percent. “Bill Clinton’s campaign said during the election last year, ‘It’s the economy, stupid,’ “ Allen was
quoted in the Washington Post as saying. “Well, this
year, the issue is violent crime and I say to my opponent, ‘It’s liberal parole laws, Mary Sue!’”9
As Terry touted her own role in being “tough
on crime,” her campaign maintained that prison overcrowding and overflowing budgets made Allen’s platform untenable even as she said she favored allowing
judges to increase sentences imposed by juries. In
speaking to the Virginia Sheriffs Association, he made
his position clear: “The well-worn Democratic excuse
that long-term incarceration of repeat criminals would
be too expensive simply has no basis in fact.”10
Allen took 58 percent of the vote, a high
margin for Virginia.11 Following his election, he established a Governor’s Commission on Parole Abolition and Sentencing Reform. Those findings were
worked into the Virginia General Assembly, where
they put forward a bipartisan set of reforms dubbed
“Truth-in-Sentencing.” As the legislature pushed for
tougher sentences, it also gathered numbers to illustrate why they were needed.
The goals included:
- Increasing prison terms;
- Abolishment of parole;
- Ensure inmates serve 85 percent of their
sentences by making it more difficult to earn
“good time” credit.

The General Assembly also created a new
body, the Virginia Criminal Sentencing Commission,
to develop and maintain sentencing guidelines. Those
guidelines were rewritten to establish harsher penalties for repeat offenses and put a special focus on
punishing people convicted of violent crimes.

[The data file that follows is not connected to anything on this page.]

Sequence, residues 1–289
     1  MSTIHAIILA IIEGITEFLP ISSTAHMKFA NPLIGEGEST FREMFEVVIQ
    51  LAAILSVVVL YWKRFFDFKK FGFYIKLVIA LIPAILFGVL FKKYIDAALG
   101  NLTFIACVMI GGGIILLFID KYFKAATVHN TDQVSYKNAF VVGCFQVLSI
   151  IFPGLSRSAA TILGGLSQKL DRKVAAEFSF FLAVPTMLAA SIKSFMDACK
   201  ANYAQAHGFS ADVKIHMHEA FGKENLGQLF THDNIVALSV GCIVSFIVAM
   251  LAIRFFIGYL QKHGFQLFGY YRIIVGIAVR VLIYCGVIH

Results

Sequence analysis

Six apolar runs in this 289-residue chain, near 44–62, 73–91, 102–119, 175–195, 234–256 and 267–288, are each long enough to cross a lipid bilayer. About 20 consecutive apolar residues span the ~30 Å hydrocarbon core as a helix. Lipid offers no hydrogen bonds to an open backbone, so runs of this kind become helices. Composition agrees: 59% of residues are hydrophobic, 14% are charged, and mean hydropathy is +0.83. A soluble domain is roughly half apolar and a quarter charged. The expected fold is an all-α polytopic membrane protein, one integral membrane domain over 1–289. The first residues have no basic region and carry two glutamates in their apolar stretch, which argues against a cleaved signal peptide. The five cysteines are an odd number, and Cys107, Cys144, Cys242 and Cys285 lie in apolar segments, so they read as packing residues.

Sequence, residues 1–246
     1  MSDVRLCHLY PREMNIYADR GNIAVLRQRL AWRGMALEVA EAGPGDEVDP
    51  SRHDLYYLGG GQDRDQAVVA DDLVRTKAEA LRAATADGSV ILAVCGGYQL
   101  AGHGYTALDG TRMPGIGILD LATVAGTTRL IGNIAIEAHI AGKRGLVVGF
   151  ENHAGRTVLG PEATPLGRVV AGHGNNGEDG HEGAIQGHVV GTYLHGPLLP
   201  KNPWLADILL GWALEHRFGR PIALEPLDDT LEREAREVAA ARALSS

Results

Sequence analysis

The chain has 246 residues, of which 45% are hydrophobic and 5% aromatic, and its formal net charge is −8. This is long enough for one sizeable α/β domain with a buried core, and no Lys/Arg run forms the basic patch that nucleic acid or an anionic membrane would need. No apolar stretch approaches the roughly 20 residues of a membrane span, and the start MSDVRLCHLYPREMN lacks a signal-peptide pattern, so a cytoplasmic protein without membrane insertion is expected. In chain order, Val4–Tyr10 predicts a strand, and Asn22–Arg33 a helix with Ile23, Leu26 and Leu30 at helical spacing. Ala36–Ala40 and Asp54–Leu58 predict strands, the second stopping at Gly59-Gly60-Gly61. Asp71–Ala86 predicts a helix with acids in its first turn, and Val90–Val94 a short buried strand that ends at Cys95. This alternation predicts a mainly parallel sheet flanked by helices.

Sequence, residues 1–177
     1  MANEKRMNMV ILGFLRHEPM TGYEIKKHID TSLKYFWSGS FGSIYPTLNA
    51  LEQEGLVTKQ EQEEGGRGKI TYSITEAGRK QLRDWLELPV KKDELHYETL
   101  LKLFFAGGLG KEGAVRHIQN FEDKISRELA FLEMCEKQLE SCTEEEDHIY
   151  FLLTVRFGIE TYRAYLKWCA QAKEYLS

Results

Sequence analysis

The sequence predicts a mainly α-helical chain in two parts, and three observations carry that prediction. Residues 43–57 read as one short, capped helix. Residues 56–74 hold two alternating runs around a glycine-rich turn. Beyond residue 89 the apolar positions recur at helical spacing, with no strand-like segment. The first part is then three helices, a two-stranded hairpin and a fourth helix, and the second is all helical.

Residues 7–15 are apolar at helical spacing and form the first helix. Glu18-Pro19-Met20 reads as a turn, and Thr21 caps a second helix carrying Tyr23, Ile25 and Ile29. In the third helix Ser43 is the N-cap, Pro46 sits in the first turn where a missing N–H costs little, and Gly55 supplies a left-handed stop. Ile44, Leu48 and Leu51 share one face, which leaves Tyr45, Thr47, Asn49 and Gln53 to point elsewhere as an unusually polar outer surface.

Petitions for release under the new guidelines
are reviewed and voted on by the Parole Board, which
continues to review cases stemming from convictions
prior to 1995 and releases those decisions publically
each month. Those prisoners are colloquially referred
to as “old-law inmates,” and make up the bulk of parole review requests.
Removing parole for a series of crimes came
with a notable exception: geriatric release. The Virginia Sentencing Commission decided that because prisoners who are too old or ill pose little risk to society,
and their costs are higher, prisoners meeting certain
requirements would be eligible for release.12 Geriatric release is an option for prisoners over age 60 not
convicted of class 1 felonies who had served at least
10 years of their sentence, or at least 65 years old and
have served at least five years of their sentence.
What makes Virginia notable in comparison to
other states is that there is no provision that a prisoner must be sick or terminally ill before requesting
geriatric release. Currently, 36 states require a prisoner be in some way afflicted by a long-term illness in
order to be considered for geriatric release, while 17
states also include a mental health provision. Virginia
in a smaller group of 14 states where age remains the
only factor that makes a prisoner eligible for consideration.13

Newly Convicted Prisoners Age 50+
There has been a rise in new convictions of